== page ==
While a lack of special education teachers prevent Muslims with disabilities from learning about Islam in traditional settings, it is still possible for many to participate in activities and engage in programs offered to everyone at the masjid. Unfortunately, many Islamic centers are not disability friendly due to infrastructure, a lack of resources, such as visuals for individuals that may be hard of hearing or visually impaired, or the simple lack of awareness on how to treat and accommodate people with disabilities from an Islamic perspective. Addressing this last concern would prevent misunderstandings regarding the permissibility of someone with special medical shoes, equipment, or pets entering the masjid.

Disability Counseling

Mohammad Yousef is very familiar with the treatment of Muslims with disabilities by fellow Muslims and with accessibility barriers in Islamic centers and masjids. Although Mohammad is a well-educated engineer and founder of the organization, EquallyAble, he still finds himself having to defend the use of his medical shoes and leg brace in the prayer area. Mohammed’s organization aims to create awareness and advocate on behalf of Muslims with disabilities. Similarly, Chess feels accessibility, especially in Islamic centers or masjids that have multiple levels, can create barriers for people wishing to attend yet can’t due to a physical disability

Interactions

I “never really felt accepted in the community, because of how my children are,” explains Chess, who has felt a difference in the treatment of her and her children by others in her Muslim community. Chess feels that community members can sometimes make parents feel as though their child has a disease, rather than a disability. She remembers how someone found out about her second child’s incident and quickly informed others at the masjid. Chess believes education about disability is key, because people don’t realize the emotions individuals with disabilities may experience, especially if they have negative interactions with others. Chess wants parents to understand that “your child isn’t going to catch autism by being around my daughter.” Chess is not alone; Nicole shares, “kids don’t understand,” and parents do not help their children comprehend that people with disabilities may not be that different and may want to play and participate in activities just like any other child. Children with disabilities should “feel included, that it’s a disability but not a handicap.” Other children, such as Misty’s, are taunted by their fellow peers because of the parent’s disability. Sometimes Misty’s daughter is told “your mom can’t do that,” leaving her own child to wonder what her mother is capable of doing on her own. Misty now finds herself reminding her daughter that she is independent and able to care for herself.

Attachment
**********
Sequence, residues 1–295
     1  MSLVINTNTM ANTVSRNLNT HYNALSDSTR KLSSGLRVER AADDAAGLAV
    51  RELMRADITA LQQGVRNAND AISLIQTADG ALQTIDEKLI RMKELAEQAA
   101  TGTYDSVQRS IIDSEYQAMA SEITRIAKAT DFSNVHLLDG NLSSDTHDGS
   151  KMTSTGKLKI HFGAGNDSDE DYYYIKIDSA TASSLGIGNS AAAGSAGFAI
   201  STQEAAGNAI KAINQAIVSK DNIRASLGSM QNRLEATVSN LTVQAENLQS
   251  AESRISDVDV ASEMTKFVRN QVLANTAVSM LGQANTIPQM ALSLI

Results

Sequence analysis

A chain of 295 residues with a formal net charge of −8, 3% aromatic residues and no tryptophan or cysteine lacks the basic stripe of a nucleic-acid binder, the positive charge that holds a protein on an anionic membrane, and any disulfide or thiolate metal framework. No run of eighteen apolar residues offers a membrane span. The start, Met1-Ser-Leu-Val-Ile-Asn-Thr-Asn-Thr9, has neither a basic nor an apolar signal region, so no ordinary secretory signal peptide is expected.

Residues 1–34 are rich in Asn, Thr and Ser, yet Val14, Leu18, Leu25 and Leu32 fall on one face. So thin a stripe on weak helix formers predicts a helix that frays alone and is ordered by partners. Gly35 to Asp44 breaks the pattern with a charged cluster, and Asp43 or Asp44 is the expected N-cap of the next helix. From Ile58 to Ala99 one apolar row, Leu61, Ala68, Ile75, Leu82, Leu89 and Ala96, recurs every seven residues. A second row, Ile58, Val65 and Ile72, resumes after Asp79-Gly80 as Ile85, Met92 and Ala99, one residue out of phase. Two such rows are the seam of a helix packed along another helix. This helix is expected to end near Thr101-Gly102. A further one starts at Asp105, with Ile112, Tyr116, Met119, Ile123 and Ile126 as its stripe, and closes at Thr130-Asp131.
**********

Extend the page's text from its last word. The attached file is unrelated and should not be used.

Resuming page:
Adaptive Counseling

All individuals interviewed stressed the importance of breaking down the stereotypes surrounding disabilities, specifically Muslims with disabilities. In addition to ease of access, many wish for improved Islamic education and resources for individuals with disabilities.

Learning about Islam

While some caregivers, such as Nicole and Chess, opted to teach their children about Islam at home, others continue to visit the masjid because they still want to feel as though they are a part of the community and learn something about Islam. Heather wanted to learn versus of the Qurʾān, yet cannot read it; instead of doing nothing, she decided to search for the Qurʾān in braille and was eventually able to get a copy.

Learning how to read the Qurʾān in braille presents its own challenges. Although a Qurʾān in braille is available, it is important to understand that even Islamic texts in braille require one to be educated on how to read it, explains Norma Hashim of the International Union of Braille Quran Services. The IBQS is comprised of 13 organizations in thirteen countries with hopes to grow. Braille phonetic is based on sounds and most braille Qurʾāns found in places such as Saudi Arabia have words that are shortened, which non-Arab speakers would most likely not understand or even pronounce correctly. The braille Qurʾān offered by the Malaysian Braille Association, whom Norma is also associated with, offers the longer braille version of the Qurʾān, which can be understood.

As technology and research advance, the opportunity for Muslims with disabilities to address their needs increases. Many Muslims with disabilities have used their impairment as a resiliency, developing organizations to create awareness and solutions.  Although some may look for organizations to advocate on their behalf, “in general you need to be your own advocate and talk to the Imams and people and explain to them why this is different,” says Mohammad Yousef, of EquallyAble.  Rabia Khedr, executive director of CAM-D (Canadian Association of Muslims with Disabilities), is blind and knows all too well the stigmatism that is associated with impairments. Amazingly, Rabia and her fellow peers at CAM-D have come a long way to establish their organization, which started off as a resource and advocacy center. They will soon be launching a project called Deen. Interestingly, CAM-D faced many challenges from Islamic organizations during their initial years of establishment. According to Yusuf Abdul-Qadir, who is also a board member of a masjid in central New York, “I find the challenge is getting Muslims to be sympathetic!” The internal struggles and recognition and leadership within Islamic organizations hinder their ability to address their Muslim community’s needs. This is one of the reasons CAM-D board members decided to be a stand-alone organization. In part, doing so allowed them to serve a greater community, advocate on behalf of individuals with disabilities, and make recommendations that are built on the needs of Muslims with disabilities, regardless of an Islamic organization’s affiliation.